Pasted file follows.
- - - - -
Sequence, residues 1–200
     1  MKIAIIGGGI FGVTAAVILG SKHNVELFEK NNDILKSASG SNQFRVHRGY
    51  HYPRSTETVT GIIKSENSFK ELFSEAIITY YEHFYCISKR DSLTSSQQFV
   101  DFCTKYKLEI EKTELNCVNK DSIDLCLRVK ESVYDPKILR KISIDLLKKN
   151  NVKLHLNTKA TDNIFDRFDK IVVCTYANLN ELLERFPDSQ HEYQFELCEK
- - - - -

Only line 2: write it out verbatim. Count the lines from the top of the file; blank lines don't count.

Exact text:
     1  MKIAIIGGGI FGVTAAVILG SKHNVELFEK NNDILKSASG SNQFRVHRGY